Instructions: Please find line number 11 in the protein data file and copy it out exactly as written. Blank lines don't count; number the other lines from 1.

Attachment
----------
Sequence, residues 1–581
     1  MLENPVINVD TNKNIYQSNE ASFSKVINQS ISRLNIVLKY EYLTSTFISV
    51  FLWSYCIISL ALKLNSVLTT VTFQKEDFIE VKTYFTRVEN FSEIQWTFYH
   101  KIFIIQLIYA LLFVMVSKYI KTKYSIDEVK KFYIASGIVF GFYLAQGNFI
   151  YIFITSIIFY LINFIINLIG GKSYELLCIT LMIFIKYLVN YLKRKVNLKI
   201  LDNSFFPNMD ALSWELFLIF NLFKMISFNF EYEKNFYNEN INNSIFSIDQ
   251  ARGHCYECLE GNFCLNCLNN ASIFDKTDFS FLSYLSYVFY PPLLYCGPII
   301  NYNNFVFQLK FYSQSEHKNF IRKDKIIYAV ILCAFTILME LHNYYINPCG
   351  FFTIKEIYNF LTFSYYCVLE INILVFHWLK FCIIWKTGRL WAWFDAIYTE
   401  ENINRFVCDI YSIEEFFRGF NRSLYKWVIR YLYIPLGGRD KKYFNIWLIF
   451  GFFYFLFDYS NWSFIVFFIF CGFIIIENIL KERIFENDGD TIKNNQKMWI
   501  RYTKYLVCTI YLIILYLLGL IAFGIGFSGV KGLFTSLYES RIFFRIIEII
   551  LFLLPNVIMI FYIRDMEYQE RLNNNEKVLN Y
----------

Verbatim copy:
   451  GFFYFLFDYS NWSFIVFFIF CGFIIIENIL KERIFENDGD TIKNNQKMWI